It has been 10 years since Sony’s Santa Monica Studio released God of War: Ascension for PlayStation 3. The game laid the groundwork for the franchise’s future successes with 2018’s God of War and 2022’s God of War Ragnarök. A prequel to the rest of the God of War games, Ascension follows the Spartan warrior Kratos as he frees himself from the Furies of Greek mythology.
God of War: Ascension showcased the very best of what the PlayStation 3 had to offer as a console. It featured story beats and eye-popping action sequences rendered, impressively, in-game. This is where the God of War franchise began to diverge from other games of the PlayStation 3 era. Ascension spearheaded the push for seamless animation between cutscenes and actual gameplay. Instead of a noticeable decline in animation quality between the game’s cutscenes and gameplay, God of War: Ascension rendered both at the same depth. This would later become a unique part of the 2018 game, as it increased the immersiveness of the franchise.
But beyond the technical achievements, God of War: Ascension has several shortcomings. These prove why the game’s 2018 overhaul was so necessary. While the game excels on a visual level, it does so at the expense of its protagonist, Kratos. Players get only a paper-thin sense of Kratos’s humanity, which often gets lost in the visual spectacle of the game—literally. And it is precisely because Kratos came off as more of an action figure than an actual human in God of War: Ascension, that he needed to become a fully-realized, force of nature protagonist in God of War 2018 and its sequel, God of War Ragnarök.
Today, God of War’s Kratos is one of gaming’s most complex and nuanced characters. Kratos’ distinctive, scarred, ashy, and red-streaked appearance comes from the ashes and blood of his wife and daughter. He mistakenly killed his family while serving the Greek god of war, Ares. As a result, Kratos isn’t your run-of-the-mill berserker from ancient times. He’s a man deeply at odds with himself and the gods who led him to take so many lives. His character asks a simple question: when all of your value as a person is placed on killing, then what does it mean to keep on living?
With Kratos, God of War has always had the opportunity to marry its strongest selling point, action, with a gripping story and memorable characterization. This is what separates “good” action games from “great” action games. Video games are an interactive art form. But we return to them time and time again because we want emotional and psychological fulfillment. This is only possible through a story that connects with us on a human level.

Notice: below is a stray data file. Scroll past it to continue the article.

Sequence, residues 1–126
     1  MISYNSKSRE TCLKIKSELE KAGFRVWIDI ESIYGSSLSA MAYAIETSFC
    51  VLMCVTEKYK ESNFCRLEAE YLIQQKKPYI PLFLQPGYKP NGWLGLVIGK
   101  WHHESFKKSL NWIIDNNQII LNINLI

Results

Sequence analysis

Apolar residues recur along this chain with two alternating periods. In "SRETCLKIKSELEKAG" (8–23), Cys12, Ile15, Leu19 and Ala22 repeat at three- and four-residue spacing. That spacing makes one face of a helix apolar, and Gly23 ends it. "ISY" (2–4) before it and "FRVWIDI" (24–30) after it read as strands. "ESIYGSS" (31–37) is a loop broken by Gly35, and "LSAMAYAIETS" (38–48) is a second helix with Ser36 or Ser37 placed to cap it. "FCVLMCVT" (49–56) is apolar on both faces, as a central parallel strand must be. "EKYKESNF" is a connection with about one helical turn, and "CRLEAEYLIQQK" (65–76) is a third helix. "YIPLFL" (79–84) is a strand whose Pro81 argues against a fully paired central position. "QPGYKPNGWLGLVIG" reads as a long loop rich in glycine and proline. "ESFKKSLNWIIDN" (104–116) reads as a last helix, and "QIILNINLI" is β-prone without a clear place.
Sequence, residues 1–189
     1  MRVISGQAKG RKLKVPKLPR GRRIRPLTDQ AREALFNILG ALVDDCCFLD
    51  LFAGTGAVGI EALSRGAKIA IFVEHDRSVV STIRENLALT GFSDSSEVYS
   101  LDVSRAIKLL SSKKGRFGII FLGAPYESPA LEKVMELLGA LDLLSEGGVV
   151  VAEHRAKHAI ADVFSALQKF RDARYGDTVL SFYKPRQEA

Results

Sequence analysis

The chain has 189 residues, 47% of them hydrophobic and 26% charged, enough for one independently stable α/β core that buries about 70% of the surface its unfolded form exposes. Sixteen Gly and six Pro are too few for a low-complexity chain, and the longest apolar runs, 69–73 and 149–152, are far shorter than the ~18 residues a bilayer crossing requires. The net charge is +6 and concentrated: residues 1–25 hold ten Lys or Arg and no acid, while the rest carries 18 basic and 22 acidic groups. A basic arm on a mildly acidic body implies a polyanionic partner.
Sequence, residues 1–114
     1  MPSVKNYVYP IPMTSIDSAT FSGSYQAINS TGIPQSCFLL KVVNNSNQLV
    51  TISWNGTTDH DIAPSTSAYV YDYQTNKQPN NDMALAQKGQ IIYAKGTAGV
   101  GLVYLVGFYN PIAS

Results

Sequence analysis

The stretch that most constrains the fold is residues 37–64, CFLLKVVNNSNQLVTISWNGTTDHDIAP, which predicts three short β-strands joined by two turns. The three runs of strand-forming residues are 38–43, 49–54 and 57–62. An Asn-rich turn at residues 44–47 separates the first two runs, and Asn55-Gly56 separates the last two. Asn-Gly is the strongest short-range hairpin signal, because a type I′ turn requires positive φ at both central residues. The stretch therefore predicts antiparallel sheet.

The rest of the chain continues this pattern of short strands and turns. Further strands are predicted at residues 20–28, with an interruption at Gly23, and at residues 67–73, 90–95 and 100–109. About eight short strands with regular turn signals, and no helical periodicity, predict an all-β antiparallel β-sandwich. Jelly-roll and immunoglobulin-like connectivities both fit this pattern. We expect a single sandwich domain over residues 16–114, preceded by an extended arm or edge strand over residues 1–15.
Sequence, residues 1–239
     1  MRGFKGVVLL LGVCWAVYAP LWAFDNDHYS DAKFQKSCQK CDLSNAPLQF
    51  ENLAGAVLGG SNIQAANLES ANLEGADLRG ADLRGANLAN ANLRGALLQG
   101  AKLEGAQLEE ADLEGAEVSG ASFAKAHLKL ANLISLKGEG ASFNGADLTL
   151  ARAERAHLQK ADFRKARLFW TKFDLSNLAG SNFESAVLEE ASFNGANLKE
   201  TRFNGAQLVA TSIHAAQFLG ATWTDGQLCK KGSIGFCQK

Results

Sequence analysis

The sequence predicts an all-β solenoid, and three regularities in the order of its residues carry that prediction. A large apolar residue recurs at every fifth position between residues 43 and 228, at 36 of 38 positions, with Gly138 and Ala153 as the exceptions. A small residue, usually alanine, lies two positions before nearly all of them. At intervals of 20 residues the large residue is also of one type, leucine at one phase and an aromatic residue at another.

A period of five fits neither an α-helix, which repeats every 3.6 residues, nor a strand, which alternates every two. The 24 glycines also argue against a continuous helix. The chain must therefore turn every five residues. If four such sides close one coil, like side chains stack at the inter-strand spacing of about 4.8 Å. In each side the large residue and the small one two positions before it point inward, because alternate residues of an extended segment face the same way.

But for all of Ascension’s exhilarating moments, Kratos feels like an afterthought. The game opens with a heart-pounding scene where Kratos must battle his way out of his imprisonment by the Furies. He takes on hordes of monsters before he must fight the enormous being he was imprisoned in, Aegaeon the Hecatonchires. As the camera deftly keeps up with Kratos in battle, it does so from a great distance. It makes him appear tiny on-screen.
Similarly, the sound design drowns out most of Kratos’ grunts and noises during the fight. Even as he earns the God of War franchise’s Mature rating by stomping heads and leaving a blood-soaked trail , the player doesn’t learn the physical costs of these actions for Kratos through the game’s sound design. In doing so, God of War: Ascension prioritizes the spectacle of the beings Kratos fights, rather than the spectacle of Kratos, a human being, fighting these creatures.
This is an important distinction. It ultimately illustrates how the success of action games directly connects to our investment in their protagonist. Yes, obviously, none of this is real. But part of the magic of video games is when the game tricks us into believing that it is real for the character. Video games aren’t just a trick of the eye, ear, or even the mind. They’re a trick of our empathy.
It’s undeniable that God of War: Ascension was one of the most ambitious games of the PS3 era. But it ultimately proves why the God of War franchise needed to reinvent itself five years later. It’s not surprising that the 2018 God of War game featured a single shot camera that never cuts away from Kratos and his young son, Atreus. Now voiced with the commanding, heartbreaking clarity of actor Christopher Judge, Kratos bears the hallmarks of someone who has lived a life. This makes the player more than just an unseen force controlling the characters. It makes them a witness to a man trying to make up for the sins of his past.
In the end, God of War: Ascension makes the case for how M-rated action games need to become more than gratuitous violence and sex, not that either one of those are objectionable on their own. They need to follow up on what it means for their characters to experience them in the first place. Luckily for Kratos, God of War: Ascension was the wake-up call for recognizing his humanity.